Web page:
The discourse of globalization has become dominant in recent years in an extraordinarily wide variety of contexts, equally on the left and on the right – from journalism to public policy discussions, from business strategy to labor organizing, and within the university across the social sciences and humanities. It is something like the discourse on postmodernism that blossomed about a decade earlier but seems to me even more extensive. This paper is an attempt to sort out some of the political positions taken within the discourse on globalization to help clarify the stakes in the globalization debates and the political consequences of the various theoretical and empirical claims. My assumption, in fact, is that political positions or desires dictate to a large extent the various analytical characterizations of globalization. What I will attempt, then, is to construct a typology of positions on globalization using the question of democracy as the first line of division. In other words, I will first divide theories in two groups: those who claim that globalization fosters democracy and those who maintain that globalization hinders or obstructs democracy. I will further divide these positions into arguments on the right and those on the left because this is a context in which I believe there remain very clear divisions between right and left, and it would be incoherent to group them together. After sketching out this typology and giving some examples of work in the different segments of it, I will present some of the arguments contained in Empire, the book I co-authored with Toni Negri (Hardt and Negri 2000), and try to situate our work with respect to these other arguments and the typology more generally.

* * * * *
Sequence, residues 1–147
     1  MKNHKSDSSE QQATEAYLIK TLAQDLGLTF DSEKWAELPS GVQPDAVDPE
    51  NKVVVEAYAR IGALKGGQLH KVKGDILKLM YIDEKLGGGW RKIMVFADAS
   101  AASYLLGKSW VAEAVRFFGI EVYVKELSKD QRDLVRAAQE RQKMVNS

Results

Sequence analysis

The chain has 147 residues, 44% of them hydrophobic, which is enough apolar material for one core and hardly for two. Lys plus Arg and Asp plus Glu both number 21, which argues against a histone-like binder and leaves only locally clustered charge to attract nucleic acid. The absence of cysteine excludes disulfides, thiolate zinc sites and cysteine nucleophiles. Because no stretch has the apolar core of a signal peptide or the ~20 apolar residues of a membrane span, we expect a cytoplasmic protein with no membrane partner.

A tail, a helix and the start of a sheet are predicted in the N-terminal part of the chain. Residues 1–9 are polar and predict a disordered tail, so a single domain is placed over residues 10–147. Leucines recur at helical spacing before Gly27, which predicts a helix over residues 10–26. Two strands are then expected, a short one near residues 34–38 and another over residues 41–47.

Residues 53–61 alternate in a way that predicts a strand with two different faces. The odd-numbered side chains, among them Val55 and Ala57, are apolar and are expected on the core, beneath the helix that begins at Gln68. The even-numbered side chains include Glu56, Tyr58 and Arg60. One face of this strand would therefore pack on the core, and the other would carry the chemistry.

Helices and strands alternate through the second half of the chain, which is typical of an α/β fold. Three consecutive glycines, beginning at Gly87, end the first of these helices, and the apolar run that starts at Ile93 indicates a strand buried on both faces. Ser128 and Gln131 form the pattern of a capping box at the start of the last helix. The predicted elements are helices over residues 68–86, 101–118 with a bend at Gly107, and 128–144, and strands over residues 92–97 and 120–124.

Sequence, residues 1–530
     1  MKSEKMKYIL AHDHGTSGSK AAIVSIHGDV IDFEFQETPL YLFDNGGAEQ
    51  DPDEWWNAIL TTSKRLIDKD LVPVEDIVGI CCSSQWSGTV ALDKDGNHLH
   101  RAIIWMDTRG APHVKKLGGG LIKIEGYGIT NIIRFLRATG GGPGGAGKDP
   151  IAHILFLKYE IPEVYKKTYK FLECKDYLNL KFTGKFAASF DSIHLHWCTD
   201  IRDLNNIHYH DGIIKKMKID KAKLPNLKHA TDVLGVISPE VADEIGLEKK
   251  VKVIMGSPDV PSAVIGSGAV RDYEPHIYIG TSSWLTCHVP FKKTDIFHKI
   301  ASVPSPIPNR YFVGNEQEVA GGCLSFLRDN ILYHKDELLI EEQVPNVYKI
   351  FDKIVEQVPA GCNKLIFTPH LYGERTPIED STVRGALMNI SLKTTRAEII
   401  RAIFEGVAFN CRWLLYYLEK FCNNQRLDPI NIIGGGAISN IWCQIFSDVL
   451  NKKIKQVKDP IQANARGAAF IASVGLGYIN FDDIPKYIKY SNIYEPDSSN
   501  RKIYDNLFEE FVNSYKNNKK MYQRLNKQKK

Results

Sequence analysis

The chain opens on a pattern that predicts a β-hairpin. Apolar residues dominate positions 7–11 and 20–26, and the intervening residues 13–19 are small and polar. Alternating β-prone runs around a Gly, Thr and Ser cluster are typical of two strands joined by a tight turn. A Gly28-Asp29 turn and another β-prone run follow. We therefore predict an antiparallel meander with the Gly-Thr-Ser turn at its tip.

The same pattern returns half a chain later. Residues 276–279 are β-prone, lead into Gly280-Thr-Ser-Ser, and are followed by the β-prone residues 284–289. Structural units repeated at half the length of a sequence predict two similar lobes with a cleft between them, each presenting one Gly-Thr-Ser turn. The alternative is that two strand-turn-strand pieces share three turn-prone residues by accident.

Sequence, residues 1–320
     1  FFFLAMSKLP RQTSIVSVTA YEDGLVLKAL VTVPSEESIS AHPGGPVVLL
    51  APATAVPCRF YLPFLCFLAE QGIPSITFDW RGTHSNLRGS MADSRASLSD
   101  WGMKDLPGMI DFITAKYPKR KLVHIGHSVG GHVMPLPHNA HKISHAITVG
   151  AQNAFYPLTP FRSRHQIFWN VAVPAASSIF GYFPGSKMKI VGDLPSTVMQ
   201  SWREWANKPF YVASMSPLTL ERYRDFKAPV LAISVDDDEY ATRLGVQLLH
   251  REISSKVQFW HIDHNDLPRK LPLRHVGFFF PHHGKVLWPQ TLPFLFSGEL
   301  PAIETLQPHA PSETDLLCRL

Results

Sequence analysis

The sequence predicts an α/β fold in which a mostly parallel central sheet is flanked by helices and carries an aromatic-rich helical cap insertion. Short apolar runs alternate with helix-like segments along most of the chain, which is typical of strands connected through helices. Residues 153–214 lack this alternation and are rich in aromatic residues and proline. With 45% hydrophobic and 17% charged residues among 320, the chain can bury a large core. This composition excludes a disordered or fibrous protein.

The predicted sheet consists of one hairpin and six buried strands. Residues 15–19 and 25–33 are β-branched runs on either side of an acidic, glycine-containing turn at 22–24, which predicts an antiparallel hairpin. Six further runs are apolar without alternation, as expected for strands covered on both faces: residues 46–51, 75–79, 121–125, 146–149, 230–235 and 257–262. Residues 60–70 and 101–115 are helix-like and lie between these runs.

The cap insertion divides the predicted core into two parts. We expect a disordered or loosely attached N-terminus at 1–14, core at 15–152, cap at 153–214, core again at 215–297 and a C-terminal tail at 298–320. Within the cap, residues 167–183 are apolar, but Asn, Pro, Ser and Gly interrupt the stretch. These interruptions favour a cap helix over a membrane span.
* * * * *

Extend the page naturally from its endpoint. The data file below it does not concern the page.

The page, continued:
Before beginning with this typology, however, it is useful to point out that globalization is a relatively unstable and or perhaps incoherent term in contemporary discussions. It is tempting to say that everyone is talking about globalization, but they are all...
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